Exhibition Reviews | Visual Arts

Family Resemblance Hagen Haltern’s Intensive Drawing Studio

Hagen Haltern’s intensive drawing studio, photo by Brent Orton

Mark England. Bruce Robertson. Jacqui Larsen. I came to know and be intrigued by the work of these three Utah artists separately, but have always felt there was something that linked them. England I came to know through his late father, Gene England, a brilliant professor of literature who proudly showed off his son’s stained glass when I visited his home and later invited me to an exhibit of Mark’s works at Finch Lane Gallery. Robertson’s work I came across years ago at an unmanned booth at the Utah Arts Festival, back when it was held at the state fairgrounds. After that I made a mental note each time I saw his work, unaware for years that he was spending every day at the Visual Art Institute, just a few hundred yards from my home. Larsen’s work I came to relatively late, at an exhibit in 2004 at Library Square (when Biggs was still part of her professional name).

Though each artist has a well-developed and individual visual language, I felt in them an undefined quality, something each shared that made their work part of a family. I still find it hard to pinpoint in words. I could attempt to describe the formal elements the artists share: an interest in mark making and drawing; the inspiration of collage; a search for unity out of disparate elements; an air of searching and experimentation. It’s like trying to describe what it is that make cousins look alike, though one’s a redhead and thin while the other’s a hefty brunette.

Then one day Larsen made an offhand comment — all three had been together in Hagen Haltern’s Intensive Drawing Studio at BYU — everything seemed to make sense. And it made me wish I’d been there.

The class, begun in 1982 by professor Hagen Haltern, was an intense experiment that seems to have deeply affected the artists involved. Haltern retired this spring, and to mark his commitment as a teacher curator James Swensen has put together an exhibition of works by Haltern and his students entitled A Product of Time and Faith.

Hagen Haltern was born near Hamburg, Germany shortly after World War II. He grew up in Bonn and studied art at Cologne and Düsseldorf. During his studies he came to an epiphany: art should be a means to value diversity and unity in a harmonious whole.|1| At the same time he became a convert to the LDS church.

Haltern’s conversion eventually brought him to Utah, where he taught art at BYU. After a few years of teaching he began thinking about the problem of art education. Looking back at masters like Michelangelo and Velasquez, Haltern noted that they had all started early (at thirteen Michelangelo was a late beginner) to take on serious work as apprentices in other artist’s studio. Today’s art students, he thought, begin too late, “and we struggle, often in vain, to make up for lost time.” The Intensive Drawing Studio was his answer to the problem.

The course was designed for serious, committed students, ones willing to spend nine hours a day together, four days a week. Because they spent so much time working in the Studio, others in the art department started calling the students the “cave people.”

The class was an experiment. Only after it was halfway done did the group approach University officials with the idea: “May we interest you in a class?” As Swensen notes in his introduction to the exhibition catalog, the students described the class as “a creative environment where students can, in an atmosphere of trust between student and teacher, learn the creative process and develop their own imaginative visions and visual intelligences.”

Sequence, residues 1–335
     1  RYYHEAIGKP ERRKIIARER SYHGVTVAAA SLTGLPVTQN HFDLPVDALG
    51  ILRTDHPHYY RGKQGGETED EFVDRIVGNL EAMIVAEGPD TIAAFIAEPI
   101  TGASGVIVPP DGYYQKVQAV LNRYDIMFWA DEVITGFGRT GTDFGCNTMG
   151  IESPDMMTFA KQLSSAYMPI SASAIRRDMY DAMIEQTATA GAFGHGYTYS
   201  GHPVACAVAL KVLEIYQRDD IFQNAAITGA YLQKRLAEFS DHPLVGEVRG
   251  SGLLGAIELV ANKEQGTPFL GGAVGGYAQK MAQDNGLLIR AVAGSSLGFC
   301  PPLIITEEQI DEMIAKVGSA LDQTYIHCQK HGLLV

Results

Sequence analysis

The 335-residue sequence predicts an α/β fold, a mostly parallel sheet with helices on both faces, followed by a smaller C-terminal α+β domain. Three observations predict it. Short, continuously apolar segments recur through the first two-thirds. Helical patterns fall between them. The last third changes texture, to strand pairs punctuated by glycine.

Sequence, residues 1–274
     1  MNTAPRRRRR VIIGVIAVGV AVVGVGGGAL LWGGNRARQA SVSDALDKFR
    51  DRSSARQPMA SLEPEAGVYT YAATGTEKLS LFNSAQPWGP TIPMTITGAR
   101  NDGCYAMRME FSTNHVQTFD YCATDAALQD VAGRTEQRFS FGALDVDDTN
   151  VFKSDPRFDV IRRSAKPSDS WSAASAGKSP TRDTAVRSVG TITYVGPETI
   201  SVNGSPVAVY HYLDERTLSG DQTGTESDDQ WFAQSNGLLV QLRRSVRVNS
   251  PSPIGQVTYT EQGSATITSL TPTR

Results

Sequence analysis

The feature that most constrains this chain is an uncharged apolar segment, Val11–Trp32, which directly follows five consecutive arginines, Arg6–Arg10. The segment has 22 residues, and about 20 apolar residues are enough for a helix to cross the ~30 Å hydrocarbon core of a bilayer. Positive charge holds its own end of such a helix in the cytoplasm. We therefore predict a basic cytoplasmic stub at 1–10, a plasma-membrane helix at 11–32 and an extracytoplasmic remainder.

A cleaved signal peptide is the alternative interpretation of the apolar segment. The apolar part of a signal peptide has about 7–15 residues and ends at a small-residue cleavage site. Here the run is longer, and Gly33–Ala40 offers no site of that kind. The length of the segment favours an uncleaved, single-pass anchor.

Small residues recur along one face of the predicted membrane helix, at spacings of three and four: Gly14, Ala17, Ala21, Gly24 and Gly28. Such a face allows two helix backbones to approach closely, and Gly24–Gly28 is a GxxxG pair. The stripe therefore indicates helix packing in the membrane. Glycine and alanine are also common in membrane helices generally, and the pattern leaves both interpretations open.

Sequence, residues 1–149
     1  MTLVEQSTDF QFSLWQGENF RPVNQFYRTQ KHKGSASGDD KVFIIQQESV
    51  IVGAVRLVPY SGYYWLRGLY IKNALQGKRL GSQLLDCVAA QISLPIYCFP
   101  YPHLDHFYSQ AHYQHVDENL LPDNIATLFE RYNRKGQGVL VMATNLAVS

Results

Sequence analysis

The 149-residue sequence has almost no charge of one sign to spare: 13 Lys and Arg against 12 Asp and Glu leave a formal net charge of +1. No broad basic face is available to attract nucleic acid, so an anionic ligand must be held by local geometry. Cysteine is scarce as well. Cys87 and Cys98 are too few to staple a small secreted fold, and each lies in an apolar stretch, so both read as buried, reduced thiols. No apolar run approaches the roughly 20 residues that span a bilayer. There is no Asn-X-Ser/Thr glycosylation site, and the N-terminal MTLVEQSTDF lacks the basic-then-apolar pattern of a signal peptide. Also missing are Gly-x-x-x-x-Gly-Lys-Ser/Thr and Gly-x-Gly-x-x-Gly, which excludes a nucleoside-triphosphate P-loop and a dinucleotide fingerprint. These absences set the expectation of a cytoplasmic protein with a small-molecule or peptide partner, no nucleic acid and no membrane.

Not all of the artists who participated in the Studio became masters or even professional artists. But since nationally less than 10% of art students make art five years after graduation, the number of students from the Studio that did become professionals is impressive.

Tom Schulte, who said Haltern could “elicit a commitment to medium and art that very few could do” went on to become a professor himself, and has taught sculpture and drawing at BYU. In his career he has experimented with various media, from painting and sculpture to furniture and stained glass.

Bob Adams, an artist based in Phoenix, Arizona, has also experimented with various media, creating large-scale public sculptures, as well as the intimate “landscapes” displayed in this exhibit — compositions of vertical lines of color not quite broken apart but certainly hazed out by the feathers that constitute them. He described the Studio as a “magical” atmosphere where the students consumed and meditated on art.

Richard Gate, a professional artist who returned to Utah after living in California for a long time, says his most vivid memory of the Studio was a Rauschenberg catlogue that floated around the space for the entire year. He says Haltern’s philosophy, like Rauschenberg’s, was a “grand unified-field theory embracing the entire visual universe: a metaphysical quest for light.”

This Rauschenberg catalog may be a key to understanding the similarity between the three Studio alumni I mentioned at the beginning of the article. Larsen, Robertson and England — and Gate should be included in this group as well — all experiment with “collaging” disparate elements to create a visual whole — something that can be traced back to Haltern’s own epiphany as an art student. So we might say that Rauschenberg was a visual grandfather for these artists, but it was under the intense tutelage of a brave and dedicated uncle — Haltern — that they learned to embrace their heritage.

A Product of Time and Faith is at the B.F. Larsen Gallery on the Brigham Young University campus through November 13.


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